Oracle has high hopes for the new program, too. It's investing around $400,000 per school for teacher training, including an eight-week E-learning course before the on-campus experience, as well as servers and related hardware, the database, and hosting the SQL programming environment.
Oracle expects the program to be good for its public image, and with the Information Technology Association of America projecting continued IT labor shortages in certain skills despite the economic downturn, early training may seed the future ranks of Oracle database workers. The academy was a pilot program for 30 schools last year; it goes into full deployment this fall.
The question of effectiveness remains open because businesses and schools have very different cultures: Business needs change rapidly, while schools take longer to adapt. "Four or five years ago, people convinced their school boards to spend a lot of money wiring schools, but already it's not sufficient," says Chris Amirault, director of Brown University's Institute for Elementary and Secondary Education. "Some schools will happily take job-skills training, but it's different from what most schools need."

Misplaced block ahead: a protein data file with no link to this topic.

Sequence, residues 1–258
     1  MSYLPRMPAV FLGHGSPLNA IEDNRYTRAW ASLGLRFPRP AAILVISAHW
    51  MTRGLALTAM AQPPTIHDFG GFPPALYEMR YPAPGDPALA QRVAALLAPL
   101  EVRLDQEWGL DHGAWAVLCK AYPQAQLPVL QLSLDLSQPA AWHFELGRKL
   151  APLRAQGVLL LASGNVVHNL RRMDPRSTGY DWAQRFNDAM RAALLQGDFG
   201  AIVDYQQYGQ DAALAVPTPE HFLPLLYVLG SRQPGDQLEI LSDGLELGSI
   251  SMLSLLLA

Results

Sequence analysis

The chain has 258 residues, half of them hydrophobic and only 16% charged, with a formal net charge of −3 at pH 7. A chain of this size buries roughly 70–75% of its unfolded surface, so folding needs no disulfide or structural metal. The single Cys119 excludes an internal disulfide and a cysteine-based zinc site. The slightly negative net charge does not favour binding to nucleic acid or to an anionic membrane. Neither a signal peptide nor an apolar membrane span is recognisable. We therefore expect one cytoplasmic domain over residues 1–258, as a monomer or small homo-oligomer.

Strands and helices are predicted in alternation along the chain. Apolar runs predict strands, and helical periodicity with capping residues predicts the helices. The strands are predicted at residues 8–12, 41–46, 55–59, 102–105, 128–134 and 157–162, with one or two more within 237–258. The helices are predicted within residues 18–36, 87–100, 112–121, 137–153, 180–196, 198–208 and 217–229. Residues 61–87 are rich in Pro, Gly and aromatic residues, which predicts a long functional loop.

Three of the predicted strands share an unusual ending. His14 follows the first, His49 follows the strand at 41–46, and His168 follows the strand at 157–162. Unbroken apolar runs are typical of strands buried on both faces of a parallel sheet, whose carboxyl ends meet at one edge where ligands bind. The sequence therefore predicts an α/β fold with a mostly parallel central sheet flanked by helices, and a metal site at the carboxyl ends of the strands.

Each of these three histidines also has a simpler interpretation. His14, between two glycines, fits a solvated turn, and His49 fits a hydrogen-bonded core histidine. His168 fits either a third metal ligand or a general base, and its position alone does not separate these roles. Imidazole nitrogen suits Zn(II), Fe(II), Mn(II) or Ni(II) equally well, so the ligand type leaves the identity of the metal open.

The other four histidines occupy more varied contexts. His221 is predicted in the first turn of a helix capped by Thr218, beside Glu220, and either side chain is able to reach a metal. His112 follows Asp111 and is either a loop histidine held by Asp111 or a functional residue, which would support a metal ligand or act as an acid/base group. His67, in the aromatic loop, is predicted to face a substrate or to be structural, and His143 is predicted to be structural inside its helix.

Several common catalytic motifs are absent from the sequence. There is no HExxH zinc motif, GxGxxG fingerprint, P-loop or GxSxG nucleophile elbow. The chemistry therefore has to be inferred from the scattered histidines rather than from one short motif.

Schools pay for Internet access, and for the first two years each school pays Oracle $6,000 to offset some costs. Each course requires 96 hours, beginning with database fundamentals and introduction to SQL, and leading to certification for Java programming and database apps. A range of business courses are also offered to broaden its scope. While the program is promoted mostly to high schools, it's also being offered to selected community colleges for adults already in the workforce.